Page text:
TITLE

Iraqis Take Refuge in Books

AUTHOR(S)
Hamdan, Amal
PUB. DATE
July 2004
SOURCE
Library Times International: world news digest of library & info;Jul2004, Vol. 21 Issue 1, p4
SOURCE TYPE
Periodical
DOC. TYPE
Article
ABSTRACT
Nearly one year on since the U.S.-led war against Iraq, the National Library in Baghdad, Iraq, is still a burnt shell of its former glory. This makes Suq al-Mutanabi the only other option left for book lovers. Established about 1912, the Suq is located in an area steeped in Iraq's cultural and social life. In the Suq, books on history, religion and politics jostle for shelf space with novels by John Grisham and former Israeli Prime Minister Golda Meir's autobiography. The Suq is particularly vibrant, as the holiday crowd rummages through books in English, French and Arabic. lyad Nawfal has been selling books in the suq for the past 14 years. Sales have dropped over the past year because of a sudden influx of books in the suq, forcing Nawfal to slash prices. While seeing the flood of texts as a blow, Abd Allah Abd Al-Hadi says it has given his stand more variety and is attracting more customers. He proudly shows off the latest English additions to his stand, including J.K. Rowling's book "Harry Potter and the Sorcerer's Stone." Saad Bashir Iskaridar, the National Library's General Manager, said that Wahhabi Islamist books hot off the press are being sold way below their cover price.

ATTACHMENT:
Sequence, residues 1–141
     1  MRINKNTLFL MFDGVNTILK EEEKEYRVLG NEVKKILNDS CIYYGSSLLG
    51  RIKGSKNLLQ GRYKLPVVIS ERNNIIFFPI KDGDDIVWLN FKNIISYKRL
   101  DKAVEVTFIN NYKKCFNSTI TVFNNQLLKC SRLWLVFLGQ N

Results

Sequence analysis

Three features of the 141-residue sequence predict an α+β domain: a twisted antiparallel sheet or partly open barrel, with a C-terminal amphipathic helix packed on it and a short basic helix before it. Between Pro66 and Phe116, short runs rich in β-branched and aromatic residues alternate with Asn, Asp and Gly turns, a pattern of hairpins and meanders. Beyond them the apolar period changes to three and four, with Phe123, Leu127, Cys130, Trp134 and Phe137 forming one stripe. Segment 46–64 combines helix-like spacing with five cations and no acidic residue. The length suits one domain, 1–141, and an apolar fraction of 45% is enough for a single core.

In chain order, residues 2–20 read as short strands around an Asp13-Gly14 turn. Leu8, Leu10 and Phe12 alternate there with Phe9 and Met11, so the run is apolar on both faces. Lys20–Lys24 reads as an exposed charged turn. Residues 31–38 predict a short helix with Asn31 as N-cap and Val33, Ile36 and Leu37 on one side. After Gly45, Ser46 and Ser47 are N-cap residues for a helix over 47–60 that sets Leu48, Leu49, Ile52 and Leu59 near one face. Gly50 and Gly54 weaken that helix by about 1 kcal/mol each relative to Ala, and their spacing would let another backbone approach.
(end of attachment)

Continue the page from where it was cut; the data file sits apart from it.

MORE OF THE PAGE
ACCESSION #
14013159

 

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